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ERIC Number: ED550178
Record Type: Non-Journal
Publication Date: 2011
Pages: 170
Abstractor: As Provided
Reference Count: N/A
ISBN: 978-1-2671-9411-4
Female College Athlete Leadership and Team Effectiveness
Galicinao, Brianne M.
ProQuest LLC, Ph.D. Dissertation, University of California, Santa Barbara
This exploratory study contributes to the research on athlete leadership and team effectiveness in college sports. Athletic departments and sports coaches could benefit from a study about athlete leadership and team effectiveness in order to assist their student-leaders with leadership development and explore additional means to help improve team effectiveness. Three women's fall sports teams (cross country, soccer, and volleyball) at one university participated in this study. Two primary research groups provided the qualitative data: (a) athlete leaders (n = 7) shared their experiences in interviews, and (b) team members (n = 40) completed questionnaires. The first purpose of the study was to examine the perceptions of athlete leaders about the leadership role (including their responsibilities and definitions for an effective athlete leader) and its possible connection with team effectiveness. The second purpose was to study the perceptions of team members about the leadership role (including leader responsibilities and traits a team leader should possess) and its possible connection with team effectiveness. The two groups of participants concurred that being a good example was of highest importance; however, the definition for "good example" was inconsistent between participants. Both groups also credited unified team goals and team chemistry as the main conditions that create a top performing team. The third purpose was to fit the findings from the athlete leaders and team members into the context of Hackman and Oldham's (1980) model of how athlete leadership could influence team effectiveness. For the purposes of this study, the most pertinent aspect of their model on teams addresses a major influence on organizational productivity: the relationship between people and the tasks that they must perform. The findings from the study generated more questions related to the athlete leadership role and team effectiveness, specifically: (a) how do athlete leaders and team members define "being a good example"? And (b) how do athlete leaders and team members define "having good team chemistry"? [The dissertation citations contained here are published with the permission of ProQuest LLC. Further reproduction is prohibited without permission. Copies of dissertations may be obtained by Telephone (800) 1-800-521-0600. Web page:]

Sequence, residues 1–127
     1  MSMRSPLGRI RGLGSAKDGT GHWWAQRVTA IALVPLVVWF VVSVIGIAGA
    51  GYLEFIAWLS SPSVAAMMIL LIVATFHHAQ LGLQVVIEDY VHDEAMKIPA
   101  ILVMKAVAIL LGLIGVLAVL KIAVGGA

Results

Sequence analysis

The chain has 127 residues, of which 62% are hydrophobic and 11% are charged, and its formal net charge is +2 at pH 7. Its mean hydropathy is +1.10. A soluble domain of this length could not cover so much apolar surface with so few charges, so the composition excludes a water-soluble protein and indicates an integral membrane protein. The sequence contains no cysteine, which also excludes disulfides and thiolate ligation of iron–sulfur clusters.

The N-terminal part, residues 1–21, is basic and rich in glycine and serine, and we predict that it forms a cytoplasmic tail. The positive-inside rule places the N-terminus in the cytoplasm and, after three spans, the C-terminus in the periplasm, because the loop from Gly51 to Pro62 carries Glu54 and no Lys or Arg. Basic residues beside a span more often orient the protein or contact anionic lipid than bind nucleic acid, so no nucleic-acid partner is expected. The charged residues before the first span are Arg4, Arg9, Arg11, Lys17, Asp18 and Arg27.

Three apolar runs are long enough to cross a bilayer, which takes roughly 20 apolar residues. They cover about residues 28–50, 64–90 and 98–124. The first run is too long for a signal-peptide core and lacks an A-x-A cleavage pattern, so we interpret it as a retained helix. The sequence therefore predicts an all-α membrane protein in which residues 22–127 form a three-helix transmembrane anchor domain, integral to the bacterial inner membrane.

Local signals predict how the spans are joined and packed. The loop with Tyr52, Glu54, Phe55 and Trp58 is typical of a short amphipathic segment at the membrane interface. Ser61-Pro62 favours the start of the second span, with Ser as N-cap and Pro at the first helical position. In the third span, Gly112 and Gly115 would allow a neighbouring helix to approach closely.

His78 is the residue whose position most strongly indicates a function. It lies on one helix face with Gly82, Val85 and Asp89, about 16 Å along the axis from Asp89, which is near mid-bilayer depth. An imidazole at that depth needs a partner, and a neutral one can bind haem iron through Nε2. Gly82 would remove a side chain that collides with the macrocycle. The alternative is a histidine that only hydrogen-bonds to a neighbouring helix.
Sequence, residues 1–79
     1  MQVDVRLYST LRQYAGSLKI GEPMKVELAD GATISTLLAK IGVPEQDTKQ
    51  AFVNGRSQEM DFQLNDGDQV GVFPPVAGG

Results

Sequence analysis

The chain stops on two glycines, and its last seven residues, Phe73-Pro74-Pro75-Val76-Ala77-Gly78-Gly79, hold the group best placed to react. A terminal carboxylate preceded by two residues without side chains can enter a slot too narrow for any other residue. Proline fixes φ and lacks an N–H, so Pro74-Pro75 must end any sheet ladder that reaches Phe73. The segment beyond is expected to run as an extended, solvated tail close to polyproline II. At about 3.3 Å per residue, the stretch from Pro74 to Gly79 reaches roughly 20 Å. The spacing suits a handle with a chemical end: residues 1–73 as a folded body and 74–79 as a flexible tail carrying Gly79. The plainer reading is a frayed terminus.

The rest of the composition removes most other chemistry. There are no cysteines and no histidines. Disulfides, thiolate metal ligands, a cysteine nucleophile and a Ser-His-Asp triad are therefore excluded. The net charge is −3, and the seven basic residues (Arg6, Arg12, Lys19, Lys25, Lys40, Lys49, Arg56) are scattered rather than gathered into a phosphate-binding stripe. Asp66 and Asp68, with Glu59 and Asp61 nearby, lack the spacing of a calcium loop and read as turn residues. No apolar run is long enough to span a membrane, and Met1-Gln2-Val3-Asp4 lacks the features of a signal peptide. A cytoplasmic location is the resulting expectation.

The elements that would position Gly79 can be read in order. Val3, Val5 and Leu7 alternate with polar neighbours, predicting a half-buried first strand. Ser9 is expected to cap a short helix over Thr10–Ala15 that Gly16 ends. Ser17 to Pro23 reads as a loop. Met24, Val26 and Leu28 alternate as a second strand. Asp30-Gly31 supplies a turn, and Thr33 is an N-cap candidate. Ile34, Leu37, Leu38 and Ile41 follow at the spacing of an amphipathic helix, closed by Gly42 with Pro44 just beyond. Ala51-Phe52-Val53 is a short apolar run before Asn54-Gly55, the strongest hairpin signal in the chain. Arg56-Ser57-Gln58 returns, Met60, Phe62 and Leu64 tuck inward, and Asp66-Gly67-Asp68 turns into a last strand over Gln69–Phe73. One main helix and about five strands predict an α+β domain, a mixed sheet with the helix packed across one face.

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Publication Type: Dissertations/Theses - Doctoral Dissertations
Education Level: Higher Education; Postsecondary Education
Audience: N/A
Language: English
Sponsor: N/A
Authoring Institution: N/A